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Building creative capacity: Arts education in the 21st century (Part 1)

Several months ago, four students at the Harvard Graduate School of Education deliberated how to advance education from a passive institution to a driving force that develops essential learning and life skills. Brought together from four countries by Harvard, the role of art in each of their personal narratives inspired them to choose art as the agent of change. They formed Creative Capacities International, using music, dance, spoken word poetry, and visual arts to teach critical thinking, communication and collaboration, and creativity. From an idea in a classroom in Cambridge, they have recently brought the transformative power of the arts to the remote foothills of the Himalayas and dirt-floored classrooms on the outskirts of Port-au-Prince. This is the first post in a four-part series on arts education.

By Jingqiu Guan, Ed.M. ’12

Bouncing in a hot dusty bus on the outskirts of Kingston, Jamaica, little did I know my life was about to change. In the intimacy of navigating a foreign country and sharing adventures and mishaps, I told a fellow student and new friend, Shua, how I had given up a fully funded MFA program in dance performance to complete a M.Ed. program in International Education Policy at Harvard, and my chagrin at giving up one passion in order to pursue the other.

Jingqiu Guan (center top) with her students.

Dancing had shaped who I was, both outwardly and inwardly. It taught me perseverance, confidence and expression as I strove to consistently improve. I practiced problem-solving through choreography and teamwork in performances. I knew how dance how changed my life, but not yet how it could be used to change others’ lives.

As our bus wove through small herds of goats and over rubble, our lives began to intertwine. Shua told me how teaching visual art in Ghana had transformed the way she viewed the potential impact of the arts. Terryl, another student, overheard our conversation and joined in, sharing how he had used literary art to give low-income urban youth in the U.S. a voice. We had all experienced the transformative power of the arts. We began to talk, to dream and eventually to take action.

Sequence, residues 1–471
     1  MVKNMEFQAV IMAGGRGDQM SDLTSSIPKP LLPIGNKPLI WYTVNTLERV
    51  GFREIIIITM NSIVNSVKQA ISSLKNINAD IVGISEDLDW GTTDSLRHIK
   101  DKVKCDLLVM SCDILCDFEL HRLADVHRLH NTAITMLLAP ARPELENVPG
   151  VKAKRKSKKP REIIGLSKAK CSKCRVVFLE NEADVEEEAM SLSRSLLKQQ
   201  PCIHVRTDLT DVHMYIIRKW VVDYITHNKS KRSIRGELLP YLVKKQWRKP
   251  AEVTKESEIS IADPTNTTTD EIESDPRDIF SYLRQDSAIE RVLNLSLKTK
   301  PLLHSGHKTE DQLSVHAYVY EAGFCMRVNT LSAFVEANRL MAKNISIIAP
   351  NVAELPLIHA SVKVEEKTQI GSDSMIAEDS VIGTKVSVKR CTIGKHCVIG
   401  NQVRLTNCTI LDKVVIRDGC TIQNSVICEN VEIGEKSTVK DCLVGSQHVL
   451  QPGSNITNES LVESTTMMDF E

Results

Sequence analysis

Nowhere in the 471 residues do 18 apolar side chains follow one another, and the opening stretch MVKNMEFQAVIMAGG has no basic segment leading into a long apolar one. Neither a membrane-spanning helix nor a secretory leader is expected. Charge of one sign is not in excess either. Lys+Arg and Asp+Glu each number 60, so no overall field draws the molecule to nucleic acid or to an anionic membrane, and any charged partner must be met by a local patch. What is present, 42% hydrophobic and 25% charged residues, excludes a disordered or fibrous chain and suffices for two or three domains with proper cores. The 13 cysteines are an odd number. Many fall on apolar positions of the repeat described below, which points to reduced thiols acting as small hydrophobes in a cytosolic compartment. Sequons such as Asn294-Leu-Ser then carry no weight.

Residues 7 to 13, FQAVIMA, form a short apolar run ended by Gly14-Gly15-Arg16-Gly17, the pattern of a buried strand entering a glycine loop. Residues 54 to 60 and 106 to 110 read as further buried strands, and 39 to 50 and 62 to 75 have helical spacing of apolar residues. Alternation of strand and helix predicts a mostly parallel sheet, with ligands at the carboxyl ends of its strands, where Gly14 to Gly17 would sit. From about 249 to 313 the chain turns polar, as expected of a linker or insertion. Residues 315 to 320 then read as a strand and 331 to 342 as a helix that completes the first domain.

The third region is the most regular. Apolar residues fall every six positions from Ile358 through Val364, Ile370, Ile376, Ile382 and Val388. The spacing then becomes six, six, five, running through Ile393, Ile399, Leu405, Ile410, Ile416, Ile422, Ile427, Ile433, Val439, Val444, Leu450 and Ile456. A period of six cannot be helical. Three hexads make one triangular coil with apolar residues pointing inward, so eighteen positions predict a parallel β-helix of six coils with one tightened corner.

Upon returning to Harvard, we were joined by a fourth student. All pursuing our Master’s in education, we’d participated in many discussions of the importance of equipping students with 21st century skills and of closing the gap between what is learned in school and the skills needed in a globalized world. The four of us began to articulate our idea—using the engaging and exciting aspects of art to teach tangible life skills.

On that same Jamaica trip, I found out my reapplication to the MFA program had been accepted and that I would have another chance to pursue a dance education. Yet without my time at Harvard, I would have never discovered how to combine my love for dance with my desire for working in international development. With the people and passion that made it possible, our idea became a reality in the founding of Creative Capacities International, where we have since been using dance and art to change the lives of students around the world.

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